10 Questions you want to ask about PROTEINASE K.

Posted by John Kim on Feb 19, 2013 11:00:00 AM

1. QUESTION: What is Proteinase K?

ANSWER: In molecular biology Proteinase K (also protease K or endopeptidase K) is a broad-spectrum serine protease. The enzyme was discovered in 1974 in extracts of the fungus Engyodontium album (formerly Tritirachium album). Proteinase K is able to digest native keratin (hair), hence, the name "Proteinase K". The predominant site of cleavage is the peptide bond adjacent to the carboxyl group of aliphatic and aromatic amino acids with blocked alpha amino groups. It is commonly used for its broad specificity. This enzyme belongs to Peptidase family S8. The molecular weight of Proteinase K is 28,900 daltons (28.9 kDa).
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2. QUESTION: What is the function of proteinase K in DNA extraction?

ANSWER: During the extraction of DNA (or nucleic acids in general), there is a lot of contaminating proteins present. These contaminants must be removed. Proteinase K, which is a broad spectrum serine protease, is used in many DNA extraction protocols to digest these contaminating proteins.

In addition, there may be nucleases (enzymes that degrade nucleic acids) present. The addition of proteinase K degrades these nucleases and protects the nucleic acids from nuclease attack. In addition, proteinase K is stable over a wide pH range and is well suited for use in DNA extraction.

 

3. QUESTION: What are proteinase K applications?

ANSWER: Proteinase K is commonly used in molecular biology to digest protein and remove contamination from preparations of nucleic acid. Addition of Proteinase K to nucleic acid preparations rapidly inactivates nucleases that might otherwise degrade the DNA or RNA during purification. It is highly-suited to this application since the enzyme is active in the presence of chemicals that denature proteins, such as SDS and urea, chelating agents such as EDTA, sulfhydryl reagents, as well as trypsin or chymotrypsin inhibitors. Proteinase K is used for the destruction of proteins in cell lysates (tissue, cell culture cells) and for the release of nucleic acids, since it very effectively inactivates DNases and RNases. Some examples for applications: Proteinase K is very useful in the isolation of highly native, undamaged DNAs or RNAs, since most microbial or mammalian DNases and RNases are rapidly inactivated by the enzyme, particularly in the presence of 0.5 - 1% SDS. Purification of genomic DNA from bacteria (miniprep): bacteria from a saturated liquid culture are lysed and proteins are removed by a digest with 100 μg/ml Proteinase K for 1 h at 37 °C. The enzyme's activity towards native proteins is stimulated by denaturants such as SDS. In contrast, when measured using peptide substrates, denaturants inhibit the enzyme. The reason for this result is that the denaturing agents unfold the protein substrates and make them more accessible to the protease.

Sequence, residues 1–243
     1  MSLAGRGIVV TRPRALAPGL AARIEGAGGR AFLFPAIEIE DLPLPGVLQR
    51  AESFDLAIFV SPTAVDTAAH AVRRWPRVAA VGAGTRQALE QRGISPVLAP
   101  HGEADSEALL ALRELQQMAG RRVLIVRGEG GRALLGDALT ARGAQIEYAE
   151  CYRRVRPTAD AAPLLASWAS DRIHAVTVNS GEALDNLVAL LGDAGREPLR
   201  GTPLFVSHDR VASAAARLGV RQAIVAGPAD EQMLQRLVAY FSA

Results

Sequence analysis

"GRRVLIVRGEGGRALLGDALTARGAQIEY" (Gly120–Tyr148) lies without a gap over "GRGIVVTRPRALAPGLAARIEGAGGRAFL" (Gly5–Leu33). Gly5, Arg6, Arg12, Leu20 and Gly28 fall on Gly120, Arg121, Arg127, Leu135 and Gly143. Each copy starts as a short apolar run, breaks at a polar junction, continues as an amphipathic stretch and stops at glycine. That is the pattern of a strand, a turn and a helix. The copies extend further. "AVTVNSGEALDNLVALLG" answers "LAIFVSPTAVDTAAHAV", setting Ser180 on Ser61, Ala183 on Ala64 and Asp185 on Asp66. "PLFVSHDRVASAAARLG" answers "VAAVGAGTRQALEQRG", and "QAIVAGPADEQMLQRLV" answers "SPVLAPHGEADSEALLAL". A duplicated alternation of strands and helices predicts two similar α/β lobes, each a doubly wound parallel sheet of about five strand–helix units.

4. QUESTION: Why is proteinase K digestion performed at 50°C?

ANSWER: Proteinase K activity is greatly increased by addition of denaturing agents like SDS or urea (Hilz et al., 2008), indicating that the denaturation of the substrates helps Proteinase K to degrade them. Increasing the temperature to 50°C will also unfold some proteins already, making it easier for the Proteinase K to degrade them. The proteinase K seems to be a pretty stable enzyme, and can still work at this temperature.

 

5. QUESTION: What are temperatures proteinase k inactivated?

ANSWER: Proteinase K is inactivated by heat, eg. Incubating at >55 °C.

 

 

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